Their lawsuit accuses Apple of breaching the Sherman Act, which is the piece of legislation that governs competition law in America. This is because Apple controls the platform necessary for the distribution of software on every IOS device, so if you want to sell your software to an Apple device, you must pay Apple its 30% cut. In comparison, Android allows its users to sideload applications or use other app stores to download software onto their devices. Epic alleges that this still disadvantages third-party developers to an unfair extent, but not to the same level that Apple’s policy does. Additionally, Epic does not believe Tim Cook’s explanation that its maintenance of the App Store entitles it to the commission. To put it into perspective, high street stores like GAME must pay rent and employees wages to maintain its physical premises, while Apple’s costs essentially boil down to occasional server maintenance and repair. Last year there were just over $50 billion worth of sales on the App store, meaning that Apple was able to make $15 billion just from operating as a middleman between developer and consumer. Lastly, Apple seems to give certain apps preferential treatment over others. Amazon, for example, is exempt from paying fees on purchases made on the Amazon Prime Video App on iPhone. In a statement to The Verge, Apple explained its exemption agreement is an “established program for premium subscription video entertainment”, but it doesn’t take Sherlock levels of deduction to conclude that the real reason for the deal is Amazon’s sheer size and power.

Why is this important?

Epic Games is not seeking any financial damages from the lawsuit. Instead, the developer requests that the court “enjoin Apple from continuing to impose its anti-competitive restrictions on the IOS ecosystem”. This essentially is an appeal for the court to stop Apple from preventing iPhone users from utilising other avenues to purchase IOS software. Their interest essentially lies in their ability to retain as much of their in-app revenues as possible, which cannot be done while continuing to pay Apple its 30%.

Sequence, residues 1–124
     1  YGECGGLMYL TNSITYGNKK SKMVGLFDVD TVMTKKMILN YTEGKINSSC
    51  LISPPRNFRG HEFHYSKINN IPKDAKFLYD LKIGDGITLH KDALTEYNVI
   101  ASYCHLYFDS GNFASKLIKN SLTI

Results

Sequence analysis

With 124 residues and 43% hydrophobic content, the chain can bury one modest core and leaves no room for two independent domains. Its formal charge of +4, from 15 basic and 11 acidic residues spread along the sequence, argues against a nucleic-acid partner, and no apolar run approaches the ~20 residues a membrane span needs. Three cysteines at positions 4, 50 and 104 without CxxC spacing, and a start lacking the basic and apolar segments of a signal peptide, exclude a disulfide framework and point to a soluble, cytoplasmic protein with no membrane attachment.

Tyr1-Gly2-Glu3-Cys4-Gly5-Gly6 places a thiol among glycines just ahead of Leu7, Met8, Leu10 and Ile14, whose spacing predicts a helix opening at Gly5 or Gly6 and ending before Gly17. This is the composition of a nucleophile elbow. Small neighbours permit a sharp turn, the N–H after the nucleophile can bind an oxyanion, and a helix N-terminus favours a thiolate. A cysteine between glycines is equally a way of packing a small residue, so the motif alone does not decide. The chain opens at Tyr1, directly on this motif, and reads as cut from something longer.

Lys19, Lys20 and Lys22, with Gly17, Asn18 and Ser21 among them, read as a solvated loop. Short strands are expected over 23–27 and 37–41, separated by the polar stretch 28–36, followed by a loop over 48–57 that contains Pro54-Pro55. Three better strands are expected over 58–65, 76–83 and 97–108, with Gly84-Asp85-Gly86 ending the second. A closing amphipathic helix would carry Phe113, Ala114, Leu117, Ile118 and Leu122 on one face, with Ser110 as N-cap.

Several other developers have also shown solidarity with Epic Games in its dispute with Apple. Spotify, which filed an antitrust complaint with the European Union in 2019 against Apple on similar grounds, tweeted out a statement in support of Epic Games, saying the dispute “shed further light on Apple’s abuse of its dominant position.”. Facebook has also thrown its weight behind Epic Games, as well as a handful of other smaller developers.

With the recent rise of Big Tech in all aspects of our digital lives, Epic Games’ decision to take this issue into their own hands may affect already ongoing competition investigations and regulatory development in the US and Europe. Their decision to attack Apple using its player base also signifies the strength of the modern-day consumer in these issues, something that has already been highlighted by recent changes brought about by this year’s Climate action boycotts and BLM movement. Apple will have to weigh any future move to protect its commission against the potential bad press it may garner among its user base. Recent reports from Bloomberg that Apple is threatening to deny developers access to updates to apps made using Epic Games’ Unreal Engine platform suggest that this is a cost Apple is willing to pay. 

It is still too early to call a winner in the Battle Royale being waged between these two companies. Popular opinion is in favour of breaking up Big Tech monopolies, but the courts have sided with these businesses in the past. What is clear is that Epic Games is no longer content to hide in the bush while the storm closes in. This lawsuit is a deliberate opening salvo against Apple’s App Store tax, and more than a few small developers are sure to be caught in the crossfire before the dust finally settles and a victor is crowned.